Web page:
Statement on China’s plan to phase out organ harvesting from executed prisoners

PRESS RELEASE, November 5, 2012

The November Bulletin of the WHO presents an interview with Dr. Haibo Wang, where he announces China’s intention to phase out the harvesting of organs from executed prisoners. While the announcement marks a shift in China’s handling of the worldwide criticized organ procurement practice, DAFOH is concerned that the announced changes are primarily aimed at appeasing the international community, while the unethical organ transplant abuses will continue in secret..

Dr. Wang claims that “many major transplant countries used organs from executed prisoners”. Upon our inquiry, Prof. Gabriel Danovitch, UCLA, replied: “This statement is misleading. There may have been occasional cases of organ donation after execution in other countries several decades ago. No country other than China ever relied on executed prisoners as their donor source.” Prof. Arthur Caplan, bioethicist of the NYU Langone Medical Center, concurred stating: “Transplant medicine started with living donors and cadaver donation started with regional procurement banks. They did not use prisoners. The statement of Dr. Wang is wrong.”

Dr. Wang states that “the executed prisoners [have the] right to donate organs”, however it is globally acknowledged in the ethical guidelines of all major medical associations, including WMA, WHO and TTS, that prisoners are not in the position to provide free consent, which is the basis of ethical organ procurement. We are concerned that Wang’s statement opens a backdoor for continuation of the previous practice to harvest organs from executed prisoners.

Although the plan to begin phasing out the old organ harvesting system was announced, there was no timeline set for when the 25 year long practice of using organs from executed prisoners will actually end. This requires further attention by the international community.

While Dr. Wang praises the transparency of the announced new organ procurement system, David Matas explains in State Organs: Transplant Abuse in China (2012), when confronted at The Transplantation Congress in Vancouver in August 2010, Dr. Haibo Wang himself upheld China’s secrecy and lack of transparency in his defense of decisions to “shut down public access to the data on the China Liver Transplant Registry website.” There is no indication to assume that the scrutiny of transparency and traceability of the newly announced organ donation program will be any less challenging than the access to the China Liver Transplant Registry in Hong Kong.

The announcement of a new organ donation and transplantation system comes at a time when leaders around the world, including members of the U.S. Congress, the United Nations, the Israeli Knesset, and many others have begun to expose China’s unethical organ procurement system which is not limited to prisoners sentenced to death but also extends to detained prisoners of conscience.  Testimony at the U.S. Congressional hearing on September 12, 2012, explained that the number of organ transplants in China has risen exponentially while, according to Amnesty International and other organizations, the number of death sentences and executions has not risen, nor have any other documented source of transplant organs such as voluntary donations. Alongside the sudden rise in organ transplants has been the dramatic increase of prisoners of conscience, the vast majority of which are practitioners of the persecuted belief system Falun Gong. Multiple sources of independent research corroborated by witness testimony have disclosed that Falun Gong practitioners are specifically targeted for medical examination and their organs are harvested on demand. After years of denying its use of executed prisoners as the source for transplant organs, China has since admitted this unethical practice. However, it has not yet admitted to its use of organs from detained prisoners of conscience. Without disclosing the true extent of the source of organs, there is no reason to assume that the harvesting of organs from Falun Gong practitioners will phase out as well.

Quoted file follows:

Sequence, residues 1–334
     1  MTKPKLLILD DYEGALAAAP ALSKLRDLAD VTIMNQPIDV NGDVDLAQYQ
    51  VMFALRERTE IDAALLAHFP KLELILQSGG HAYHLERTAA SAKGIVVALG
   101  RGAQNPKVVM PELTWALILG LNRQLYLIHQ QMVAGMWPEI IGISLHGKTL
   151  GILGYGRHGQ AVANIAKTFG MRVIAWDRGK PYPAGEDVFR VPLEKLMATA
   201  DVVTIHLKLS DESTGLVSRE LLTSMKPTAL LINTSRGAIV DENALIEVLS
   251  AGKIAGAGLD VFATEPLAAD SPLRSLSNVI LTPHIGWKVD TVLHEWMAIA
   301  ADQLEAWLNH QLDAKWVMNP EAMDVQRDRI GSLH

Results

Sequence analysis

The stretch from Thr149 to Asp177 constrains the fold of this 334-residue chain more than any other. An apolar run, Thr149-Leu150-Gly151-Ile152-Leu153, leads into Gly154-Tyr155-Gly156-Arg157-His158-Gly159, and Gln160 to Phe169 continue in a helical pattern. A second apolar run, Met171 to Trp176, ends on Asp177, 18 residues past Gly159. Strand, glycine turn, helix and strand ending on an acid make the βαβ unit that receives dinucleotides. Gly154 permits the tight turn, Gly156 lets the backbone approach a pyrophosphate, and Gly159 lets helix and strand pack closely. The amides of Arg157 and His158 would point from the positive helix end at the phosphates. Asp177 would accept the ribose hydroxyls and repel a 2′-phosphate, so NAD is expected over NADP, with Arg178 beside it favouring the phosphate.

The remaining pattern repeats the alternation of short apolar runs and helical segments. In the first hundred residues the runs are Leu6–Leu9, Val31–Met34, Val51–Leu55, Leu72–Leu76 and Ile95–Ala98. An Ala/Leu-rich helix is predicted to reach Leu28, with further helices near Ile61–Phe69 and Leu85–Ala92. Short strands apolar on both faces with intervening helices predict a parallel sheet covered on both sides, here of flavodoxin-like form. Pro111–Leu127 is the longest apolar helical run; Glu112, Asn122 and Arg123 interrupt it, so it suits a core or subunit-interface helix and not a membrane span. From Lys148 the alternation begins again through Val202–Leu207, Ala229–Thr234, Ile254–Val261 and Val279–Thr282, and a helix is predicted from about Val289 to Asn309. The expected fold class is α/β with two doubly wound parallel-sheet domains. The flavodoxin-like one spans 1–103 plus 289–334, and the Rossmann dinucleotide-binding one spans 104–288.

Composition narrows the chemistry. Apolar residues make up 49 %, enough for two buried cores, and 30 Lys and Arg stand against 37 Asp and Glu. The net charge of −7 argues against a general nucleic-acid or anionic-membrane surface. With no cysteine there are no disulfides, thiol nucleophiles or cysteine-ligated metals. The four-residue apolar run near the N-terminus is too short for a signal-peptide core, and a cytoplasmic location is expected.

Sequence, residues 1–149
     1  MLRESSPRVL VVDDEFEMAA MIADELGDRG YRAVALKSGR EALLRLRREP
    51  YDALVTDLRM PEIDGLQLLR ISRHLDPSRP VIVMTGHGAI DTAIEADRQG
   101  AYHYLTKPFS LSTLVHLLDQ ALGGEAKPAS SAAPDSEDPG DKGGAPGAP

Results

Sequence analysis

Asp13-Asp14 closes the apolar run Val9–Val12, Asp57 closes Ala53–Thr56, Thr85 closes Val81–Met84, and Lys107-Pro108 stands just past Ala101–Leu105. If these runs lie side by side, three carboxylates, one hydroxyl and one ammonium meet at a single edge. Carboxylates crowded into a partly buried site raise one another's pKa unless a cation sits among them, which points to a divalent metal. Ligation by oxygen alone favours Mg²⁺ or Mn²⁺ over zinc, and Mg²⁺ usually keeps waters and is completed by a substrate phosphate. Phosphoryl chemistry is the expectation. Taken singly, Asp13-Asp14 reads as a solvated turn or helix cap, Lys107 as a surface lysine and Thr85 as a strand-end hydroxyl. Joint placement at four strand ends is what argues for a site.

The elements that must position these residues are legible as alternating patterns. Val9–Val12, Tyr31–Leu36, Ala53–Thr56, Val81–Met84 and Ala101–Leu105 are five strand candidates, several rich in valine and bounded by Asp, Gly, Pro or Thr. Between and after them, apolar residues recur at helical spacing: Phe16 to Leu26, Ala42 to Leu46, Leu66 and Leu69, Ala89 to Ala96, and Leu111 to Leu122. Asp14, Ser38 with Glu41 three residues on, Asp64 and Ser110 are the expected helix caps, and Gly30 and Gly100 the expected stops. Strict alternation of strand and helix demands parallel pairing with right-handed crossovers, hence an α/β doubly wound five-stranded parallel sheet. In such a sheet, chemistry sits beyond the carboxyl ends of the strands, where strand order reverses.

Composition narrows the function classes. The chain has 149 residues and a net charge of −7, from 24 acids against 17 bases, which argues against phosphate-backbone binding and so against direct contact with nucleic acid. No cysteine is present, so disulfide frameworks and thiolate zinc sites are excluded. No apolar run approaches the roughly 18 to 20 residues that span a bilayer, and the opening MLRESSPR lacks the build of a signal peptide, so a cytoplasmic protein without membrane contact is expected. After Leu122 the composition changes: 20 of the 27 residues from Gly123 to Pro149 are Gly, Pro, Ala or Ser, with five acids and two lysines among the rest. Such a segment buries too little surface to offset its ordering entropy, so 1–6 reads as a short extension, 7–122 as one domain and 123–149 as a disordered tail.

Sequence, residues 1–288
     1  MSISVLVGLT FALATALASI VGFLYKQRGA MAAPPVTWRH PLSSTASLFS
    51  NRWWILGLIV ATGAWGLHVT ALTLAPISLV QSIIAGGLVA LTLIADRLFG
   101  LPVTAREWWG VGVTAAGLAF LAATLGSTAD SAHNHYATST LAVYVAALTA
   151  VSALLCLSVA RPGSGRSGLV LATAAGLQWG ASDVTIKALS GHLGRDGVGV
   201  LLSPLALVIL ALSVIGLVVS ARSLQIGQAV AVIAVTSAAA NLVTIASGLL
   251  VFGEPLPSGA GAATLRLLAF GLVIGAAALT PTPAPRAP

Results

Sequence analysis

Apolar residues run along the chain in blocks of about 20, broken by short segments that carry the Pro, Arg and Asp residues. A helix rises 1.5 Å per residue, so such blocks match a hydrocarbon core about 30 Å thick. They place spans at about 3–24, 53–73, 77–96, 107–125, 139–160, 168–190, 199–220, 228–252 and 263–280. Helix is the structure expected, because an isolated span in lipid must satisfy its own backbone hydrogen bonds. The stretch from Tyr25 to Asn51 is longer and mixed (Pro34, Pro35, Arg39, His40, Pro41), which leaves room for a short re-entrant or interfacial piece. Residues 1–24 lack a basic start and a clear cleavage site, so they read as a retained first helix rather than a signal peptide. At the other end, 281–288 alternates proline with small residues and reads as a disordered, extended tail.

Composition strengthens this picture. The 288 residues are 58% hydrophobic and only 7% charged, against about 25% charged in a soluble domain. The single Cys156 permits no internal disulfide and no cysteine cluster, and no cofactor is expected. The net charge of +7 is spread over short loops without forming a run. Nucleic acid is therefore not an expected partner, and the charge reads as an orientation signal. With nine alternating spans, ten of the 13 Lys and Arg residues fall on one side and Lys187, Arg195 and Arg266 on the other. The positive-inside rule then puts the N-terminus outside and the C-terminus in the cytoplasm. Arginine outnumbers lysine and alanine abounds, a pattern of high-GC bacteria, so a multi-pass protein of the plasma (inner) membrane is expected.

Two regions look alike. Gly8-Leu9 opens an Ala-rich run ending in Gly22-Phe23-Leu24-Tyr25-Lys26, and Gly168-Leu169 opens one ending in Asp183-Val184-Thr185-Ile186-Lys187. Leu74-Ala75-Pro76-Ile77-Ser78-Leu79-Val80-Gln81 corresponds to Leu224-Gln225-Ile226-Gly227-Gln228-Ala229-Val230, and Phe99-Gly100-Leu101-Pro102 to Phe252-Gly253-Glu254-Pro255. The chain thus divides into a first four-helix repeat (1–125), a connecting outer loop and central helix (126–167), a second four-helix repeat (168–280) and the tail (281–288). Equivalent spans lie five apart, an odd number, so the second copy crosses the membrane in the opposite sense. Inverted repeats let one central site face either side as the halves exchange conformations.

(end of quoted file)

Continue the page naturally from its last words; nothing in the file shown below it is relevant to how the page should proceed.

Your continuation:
The WHO demands transparency and traceability. Without full disclosure of the organ sources and with a lack for international scrutiny, we remain concerned that the praised organ donation computer system might even be used to enroll detained Falun Gong practitioners under fake identity into the national organ donation system.

To truly ensure that real changes are being implemented in China’s organ transplant system, we call upon the Chinese government to disclose all sources of organs that are used for transplantation and open all registers and allocation systems for scrutiny. This is a necessary and unavoidable step for China to become respected member of the international medical community.

In 1944 the international Red Cross misinterpreted the deadly gas chambers of the Theresienstadt Ghetto as “shower facilities,” a mistake that led to fatal consequences for hundreds of thousands of Jews. We hope the Red Cross Society of China will not make the same mistake leading to fatal consequences for tens of thousands of Falun Gong practitioners.

We state that the world community must continue to call upon China to immediately halt the forced organ harvesting from executed prisoners, detained prisoners of conscience and Falun Gong practitioners.